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Example of Data Collection

Let’s consider an FMCG company called company XYZ that is trying to release a new anti-hairfall shampoo. Before they do so, company XYZ wants to conduct market research gauge the market for shampoos, anti-hair fall shampoos in specific perhaps, so they decide to conduct an online survey. They conduct this survey on their website and ask questions relating to what consumers may want from their shampoo.

The following are a few examples of the questions that they may ask:

  1. What are your hair goals?
  • Increased volume
  • Getting rid of split-ends
  • Silkier hair
  • Oil-control
  • Frizz-control

      2. Which of the following factors affect your choice of shampoo?

  • Price
  • Brand
  • Effect
  • Packaging
  • Other

Survey Design for Data Collection

In order to make a good survey, these are a few things a researcher should keep in mind:

  1. Avoid using long questions in the survey
  • Survey dropout rate is the percentage of respondents who start giving the survey but do not complete it, likely due to facing certain hurdles while doing the survey. Long survey questions increase the survey dropout rate as it takes up a lot of the respondent’s time and they may get bored.

     2. Avoid the use of jargon 

  • It is important for survey questions to be easily understood by all respondents. Using complicated or unfamiliar words may just confuse or frustrate the respondent. If the respondent doesn’t understand a question on the survey, they may pick a random result, giving rise to unreliable responses.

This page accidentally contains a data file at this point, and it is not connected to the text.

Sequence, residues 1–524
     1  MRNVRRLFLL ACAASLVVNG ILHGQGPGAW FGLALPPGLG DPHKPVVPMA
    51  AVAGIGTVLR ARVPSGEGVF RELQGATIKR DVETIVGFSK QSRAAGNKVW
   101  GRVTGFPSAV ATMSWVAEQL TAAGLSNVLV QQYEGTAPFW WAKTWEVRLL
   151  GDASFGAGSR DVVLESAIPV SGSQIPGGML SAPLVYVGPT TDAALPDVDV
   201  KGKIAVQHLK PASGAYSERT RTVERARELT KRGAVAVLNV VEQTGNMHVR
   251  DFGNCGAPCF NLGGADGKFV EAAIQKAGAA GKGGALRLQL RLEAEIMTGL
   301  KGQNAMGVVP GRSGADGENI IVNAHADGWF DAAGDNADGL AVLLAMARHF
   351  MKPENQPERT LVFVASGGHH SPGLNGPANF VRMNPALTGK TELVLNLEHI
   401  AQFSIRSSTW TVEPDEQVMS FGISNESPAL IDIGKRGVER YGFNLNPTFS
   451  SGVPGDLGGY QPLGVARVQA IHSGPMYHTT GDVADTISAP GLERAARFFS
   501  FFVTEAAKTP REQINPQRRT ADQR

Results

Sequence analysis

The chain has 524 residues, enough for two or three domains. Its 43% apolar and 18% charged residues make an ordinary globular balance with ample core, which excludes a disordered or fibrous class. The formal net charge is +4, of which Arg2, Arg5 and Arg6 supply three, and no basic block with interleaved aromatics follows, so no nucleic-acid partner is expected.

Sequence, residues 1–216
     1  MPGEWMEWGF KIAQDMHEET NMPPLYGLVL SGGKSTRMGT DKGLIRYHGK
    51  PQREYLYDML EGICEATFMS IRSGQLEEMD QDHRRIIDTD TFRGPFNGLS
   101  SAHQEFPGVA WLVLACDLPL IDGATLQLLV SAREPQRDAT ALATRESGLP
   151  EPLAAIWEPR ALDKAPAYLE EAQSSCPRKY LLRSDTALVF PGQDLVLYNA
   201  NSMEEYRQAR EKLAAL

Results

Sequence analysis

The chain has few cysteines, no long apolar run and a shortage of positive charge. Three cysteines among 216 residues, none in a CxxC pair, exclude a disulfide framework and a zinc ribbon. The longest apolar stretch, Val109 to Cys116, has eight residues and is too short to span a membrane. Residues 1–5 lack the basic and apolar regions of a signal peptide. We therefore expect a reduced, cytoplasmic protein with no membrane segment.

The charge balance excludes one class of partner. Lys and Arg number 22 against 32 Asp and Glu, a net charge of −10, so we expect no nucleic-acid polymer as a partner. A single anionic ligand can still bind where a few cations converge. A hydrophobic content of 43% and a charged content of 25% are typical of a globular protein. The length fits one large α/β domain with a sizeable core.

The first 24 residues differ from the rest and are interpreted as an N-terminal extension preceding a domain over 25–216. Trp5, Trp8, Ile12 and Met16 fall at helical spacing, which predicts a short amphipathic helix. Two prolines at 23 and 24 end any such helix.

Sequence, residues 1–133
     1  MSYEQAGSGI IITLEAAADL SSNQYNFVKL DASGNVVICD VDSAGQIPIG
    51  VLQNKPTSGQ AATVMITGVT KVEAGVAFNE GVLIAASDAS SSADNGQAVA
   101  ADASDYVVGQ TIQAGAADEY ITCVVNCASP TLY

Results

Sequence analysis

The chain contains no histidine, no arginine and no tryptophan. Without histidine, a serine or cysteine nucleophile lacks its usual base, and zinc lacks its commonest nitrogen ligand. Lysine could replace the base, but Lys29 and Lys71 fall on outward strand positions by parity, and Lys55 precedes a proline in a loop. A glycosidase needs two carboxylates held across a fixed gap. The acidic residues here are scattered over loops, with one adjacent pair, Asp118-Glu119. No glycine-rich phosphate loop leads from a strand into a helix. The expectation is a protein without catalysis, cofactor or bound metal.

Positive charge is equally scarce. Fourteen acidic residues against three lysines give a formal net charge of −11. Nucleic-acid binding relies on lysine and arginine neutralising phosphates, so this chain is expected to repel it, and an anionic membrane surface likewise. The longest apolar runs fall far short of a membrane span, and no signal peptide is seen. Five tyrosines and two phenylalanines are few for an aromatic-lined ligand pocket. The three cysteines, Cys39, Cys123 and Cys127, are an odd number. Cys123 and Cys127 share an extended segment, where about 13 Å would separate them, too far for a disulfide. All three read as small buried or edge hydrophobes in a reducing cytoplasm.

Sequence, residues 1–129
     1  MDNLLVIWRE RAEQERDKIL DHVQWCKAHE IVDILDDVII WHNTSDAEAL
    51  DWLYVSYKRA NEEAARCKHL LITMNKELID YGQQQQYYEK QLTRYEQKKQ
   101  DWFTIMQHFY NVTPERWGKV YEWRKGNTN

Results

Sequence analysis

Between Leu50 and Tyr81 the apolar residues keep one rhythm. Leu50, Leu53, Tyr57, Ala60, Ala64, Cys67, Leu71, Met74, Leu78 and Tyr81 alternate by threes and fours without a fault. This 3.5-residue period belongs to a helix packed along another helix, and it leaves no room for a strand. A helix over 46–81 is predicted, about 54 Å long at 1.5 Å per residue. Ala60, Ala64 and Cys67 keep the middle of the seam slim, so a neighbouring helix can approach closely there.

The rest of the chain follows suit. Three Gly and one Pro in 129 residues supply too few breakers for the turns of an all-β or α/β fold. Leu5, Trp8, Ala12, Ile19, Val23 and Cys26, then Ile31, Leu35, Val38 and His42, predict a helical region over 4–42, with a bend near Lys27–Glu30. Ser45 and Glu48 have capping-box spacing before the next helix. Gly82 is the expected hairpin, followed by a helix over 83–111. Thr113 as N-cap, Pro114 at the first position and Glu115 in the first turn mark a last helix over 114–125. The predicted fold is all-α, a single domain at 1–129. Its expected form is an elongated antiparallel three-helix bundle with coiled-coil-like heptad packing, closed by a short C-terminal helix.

3. Ensure that the questions are relevant and effective

  • To get the most out of survey results, it is critical to ask the right questions in regard to what the research is about. They must be relevant and effective in order to acquire useful information.

     4. Avoid asking questions that may breach a respondent’s privacy

  • It is important that none of the questions on the survey make a respondent feel like their privacy is being invaded. If a respondent feels that way, they may leave the survey, increasing the survey dropout rate, or they may input wrong information which will lead to unreliable survey results.

     5. Use mutually exclusive response categories

  • Avoid any sort of overlap in the response options as this may make it more difficult for the respondent to choose an answer, and may also give rise to unreliable responses. 

     6. Avoid questions that ask about two different points

  • Every question should be precise and should focus on one single point. If one question focuses on more than one point, the respondent may have multiple different responses but will end up choosing just one of them. This gives rise to unreliable responses. Instead, each question should specifically only address one point.